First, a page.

“The informality of family life is a blessed condition that allows us all to become our best while looking our worst.” Marge Kennedy
Motherhood continues to surprise me. Once I was on my own with my toddler, I found myself on the brink of a nervous breakdown regularly. The days would feel like one giant gasp- inhale when my eyes open in the morning, exhale when my son’s close at night.
And a lot of that was my own doing. With unrealistic expectations for myself, I felt the constant pressure of too much to do with too little energy. The exhaustion and daily sense of failure would cause me to lose my patience with everyone, especially my son. And without a father in the house, there was no one to tap me out during my own little “parent meltdowns”. Love and support aside, I would argue “the tap out” is one of the most important roles for a father- and if you know, you know!
Even when I finally realized I couldn’t go on like this, it still took time for me to accept. Eventually, I gave myself permission to adjust the bar and reset expectations for myself. But it required a shift in mindset- the understanding that adjusting expectations isn’t the same as lowering them. The adjustment was not a reflection of limitation, but rather a reflection of my new identity: single working mom. And as is the case with any title, the expectations should reflect the role responsibilities. It was the best thing I ever did for us. My son finally had a more patient, happy, and confident mother- the type of mother I always wanted to be and one he deserved.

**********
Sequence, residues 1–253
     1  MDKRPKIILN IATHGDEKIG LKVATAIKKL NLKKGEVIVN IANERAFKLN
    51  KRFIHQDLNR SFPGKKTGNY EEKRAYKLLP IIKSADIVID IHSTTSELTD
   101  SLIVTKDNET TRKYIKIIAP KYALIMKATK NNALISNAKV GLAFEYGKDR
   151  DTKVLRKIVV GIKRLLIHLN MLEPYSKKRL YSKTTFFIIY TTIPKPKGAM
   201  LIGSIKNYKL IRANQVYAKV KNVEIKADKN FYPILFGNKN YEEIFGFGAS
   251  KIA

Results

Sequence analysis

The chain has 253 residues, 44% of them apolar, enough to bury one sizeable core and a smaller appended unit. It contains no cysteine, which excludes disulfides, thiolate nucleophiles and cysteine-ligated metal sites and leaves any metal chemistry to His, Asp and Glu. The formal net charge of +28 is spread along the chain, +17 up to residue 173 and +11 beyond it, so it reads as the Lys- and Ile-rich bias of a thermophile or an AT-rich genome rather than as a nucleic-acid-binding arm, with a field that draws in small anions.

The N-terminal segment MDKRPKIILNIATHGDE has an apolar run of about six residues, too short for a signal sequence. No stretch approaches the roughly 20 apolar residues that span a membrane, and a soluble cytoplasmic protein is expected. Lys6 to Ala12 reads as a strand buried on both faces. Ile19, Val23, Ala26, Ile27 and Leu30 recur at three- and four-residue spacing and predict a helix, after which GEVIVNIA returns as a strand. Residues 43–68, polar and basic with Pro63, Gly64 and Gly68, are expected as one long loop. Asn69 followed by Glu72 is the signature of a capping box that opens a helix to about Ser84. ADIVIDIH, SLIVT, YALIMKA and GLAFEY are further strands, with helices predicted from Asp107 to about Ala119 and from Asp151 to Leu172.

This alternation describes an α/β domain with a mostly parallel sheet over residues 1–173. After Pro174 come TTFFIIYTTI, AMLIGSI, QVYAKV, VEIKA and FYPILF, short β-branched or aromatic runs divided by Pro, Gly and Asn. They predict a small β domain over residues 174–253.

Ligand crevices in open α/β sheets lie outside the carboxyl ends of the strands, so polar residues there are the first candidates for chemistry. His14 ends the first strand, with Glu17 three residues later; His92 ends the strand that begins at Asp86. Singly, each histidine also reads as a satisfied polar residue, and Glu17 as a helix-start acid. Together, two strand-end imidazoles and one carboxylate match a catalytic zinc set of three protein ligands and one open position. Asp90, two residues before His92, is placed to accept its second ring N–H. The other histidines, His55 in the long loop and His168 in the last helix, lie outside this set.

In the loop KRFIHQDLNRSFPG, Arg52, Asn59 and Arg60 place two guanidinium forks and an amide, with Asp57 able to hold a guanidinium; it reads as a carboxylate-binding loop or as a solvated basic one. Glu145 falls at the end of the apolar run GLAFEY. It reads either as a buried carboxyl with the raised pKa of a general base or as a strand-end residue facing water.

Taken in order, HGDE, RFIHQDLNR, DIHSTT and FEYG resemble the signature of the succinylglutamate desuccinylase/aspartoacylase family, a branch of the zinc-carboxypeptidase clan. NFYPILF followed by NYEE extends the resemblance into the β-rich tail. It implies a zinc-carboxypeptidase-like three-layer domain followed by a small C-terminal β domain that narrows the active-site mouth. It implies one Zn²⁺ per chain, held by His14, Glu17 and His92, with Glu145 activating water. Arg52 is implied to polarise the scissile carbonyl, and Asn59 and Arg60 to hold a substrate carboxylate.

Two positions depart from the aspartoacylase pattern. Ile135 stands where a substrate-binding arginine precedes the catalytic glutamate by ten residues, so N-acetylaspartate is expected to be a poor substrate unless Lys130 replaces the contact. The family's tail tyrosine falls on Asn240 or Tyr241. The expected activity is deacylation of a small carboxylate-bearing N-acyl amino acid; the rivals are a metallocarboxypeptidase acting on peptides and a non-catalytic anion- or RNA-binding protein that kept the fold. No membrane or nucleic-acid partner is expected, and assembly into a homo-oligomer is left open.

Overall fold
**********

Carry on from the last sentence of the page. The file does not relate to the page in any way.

With that, I was able to work through some new challenges and milestones. Prior to my divorce, my son had a stable routine and was a rockstar sleeper, but the transition brought us back to square one. Sleep training was much harder with a mobile, verbal, and determined 2-year-old, and doing it on my own presented some new challenges as well. But with my new-found patience, he and I were able to get bedtime back on track. This win gave me the confidence I needed to tackle potty training.
My son used the potty for the first time while I was at work- I got a text with a picture of my son beaming with pride, pointing to the pee pee. It was a bitter sweet moment- I was so proud of him and wished I could have been there for our big win. That night we celebrated with cake. It wasn’t long before peeing in the potty became a way of life. But everyone knows the concept really solidifies with pooping in the potty (pun intended). I tried everything to sell him on the idea, but he wasn’t buying it.
Then one night, while I was jamming to No Doubt and making Bolognese, my son came running in the kitchen yelling “I went potty mom!” He proudly escorted me to the bathroom, and when I looked down- there it was! He finally pooped in the potty, and I was there for the milestone. I started jumping and cheering, and then so did he. But almost instantly, my heart sunk because his father wasn’t there- in fact, no one was there. I always imagined raising a child with someone and sharing all the moments, and I realized I’d rather have a partner for the high fives and kisses, than the tap outs. I quickly got my emotions in check , picked up my son, and started jumping and cheering with him in my arms, while "I'm Just A Girl" played in the background.